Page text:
Message from the Chief Fellow
I am excited that you are considering the Gastroenterology Fellowship program at Indiana University School of Medicine for your next step in training!
During your training at IU School of Medicine, you will find yourself immersed in diverse and robust clinical experiences across several clinical sites. IU is the primary academic center and transplant center for the state, and it is home to one of the highest-volume ERCP centers in North America. As such, during our training, we see a variety of pathology, both clinically and endoscopically. Clinically, these experiences prime you for expertise in hepatology and pancreaticobiliary disease even as a general gastroenterologist. Endoscopically, we gain expertise in various diagnostic and therapeutic interventions. Although scoping feels strange at first, I promise you will eventually feel comfortable with a scope in your hands. From day one of your GI training, you will be learning from the best on how to perform endoscopy.
IU School of Medicine is home to the thought leaders in essentially every niche of gastroenterology and hepatology—from modeling drug-induced liver injury recovery to refining large colon polyp resection technique to predicting who gets post-ERCP pancreatitis. Want to clarify something you read in the guidelines? Just look around—many of our faculty write those guidelines.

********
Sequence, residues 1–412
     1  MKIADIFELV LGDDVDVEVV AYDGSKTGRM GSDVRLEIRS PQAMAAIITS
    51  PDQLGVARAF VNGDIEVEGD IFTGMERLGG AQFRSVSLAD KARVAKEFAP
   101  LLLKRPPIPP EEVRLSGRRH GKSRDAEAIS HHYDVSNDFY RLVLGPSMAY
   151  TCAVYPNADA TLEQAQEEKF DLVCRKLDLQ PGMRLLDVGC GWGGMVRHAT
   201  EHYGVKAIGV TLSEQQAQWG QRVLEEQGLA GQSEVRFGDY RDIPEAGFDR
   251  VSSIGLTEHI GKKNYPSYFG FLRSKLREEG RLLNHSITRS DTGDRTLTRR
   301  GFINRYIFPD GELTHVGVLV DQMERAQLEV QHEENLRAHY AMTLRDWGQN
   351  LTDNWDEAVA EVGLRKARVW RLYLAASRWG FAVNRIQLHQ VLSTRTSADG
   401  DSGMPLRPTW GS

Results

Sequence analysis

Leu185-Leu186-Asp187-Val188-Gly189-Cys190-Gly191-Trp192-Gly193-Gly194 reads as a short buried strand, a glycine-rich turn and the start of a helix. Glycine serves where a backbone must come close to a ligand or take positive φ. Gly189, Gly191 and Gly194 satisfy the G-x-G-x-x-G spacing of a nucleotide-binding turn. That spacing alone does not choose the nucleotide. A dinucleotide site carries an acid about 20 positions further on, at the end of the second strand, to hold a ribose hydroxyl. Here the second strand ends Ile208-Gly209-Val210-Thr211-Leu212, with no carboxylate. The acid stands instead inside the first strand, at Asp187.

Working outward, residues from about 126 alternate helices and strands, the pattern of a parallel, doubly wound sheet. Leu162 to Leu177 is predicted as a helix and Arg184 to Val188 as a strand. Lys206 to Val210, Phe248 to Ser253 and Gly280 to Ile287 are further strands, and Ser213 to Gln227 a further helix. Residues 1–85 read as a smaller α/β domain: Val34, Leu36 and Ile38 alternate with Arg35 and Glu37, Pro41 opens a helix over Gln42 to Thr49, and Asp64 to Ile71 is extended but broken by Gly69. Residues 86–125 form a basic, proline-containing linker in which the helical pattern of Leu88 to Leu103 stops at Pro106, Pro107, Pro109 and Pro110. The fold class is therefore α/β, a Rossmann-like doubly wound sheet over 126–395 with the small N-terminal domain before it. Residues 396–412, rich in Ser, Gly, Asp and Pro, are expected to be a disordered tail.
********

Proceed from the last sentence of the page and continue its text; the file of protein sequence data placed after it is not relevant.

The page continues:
When you come to IU, you are not only gaining expert training in GI—you are also gaining an incredibly supportive community. One moment you are guided through a challenging colonoscopy, the next you are discussing the Mandalorian. After a busy day of consults, you might be headed to join in one of our monthly foodie events with your co-fellows and faculty. On a different night, it might be to join for our latest Women in GI outing. No matter what your career goals or stage in life, you will find mentorship and friendship in our faculty. Equally importantly, you will quickly gain 15 new friends in your co-fellows who will be there to support you throughout the 3 years—not just to talk about difficult cases or making it through those tough calls, but also to share day-to-day experiences and celebrate those important life milestones.
If you come to IU School of Medicine, you will not just graduate with the confidence to practice gastroenterology for your career, but you'll have gained a network of mentors and friends to help you for the rest of your life.
Good luck, and I hope to meet you!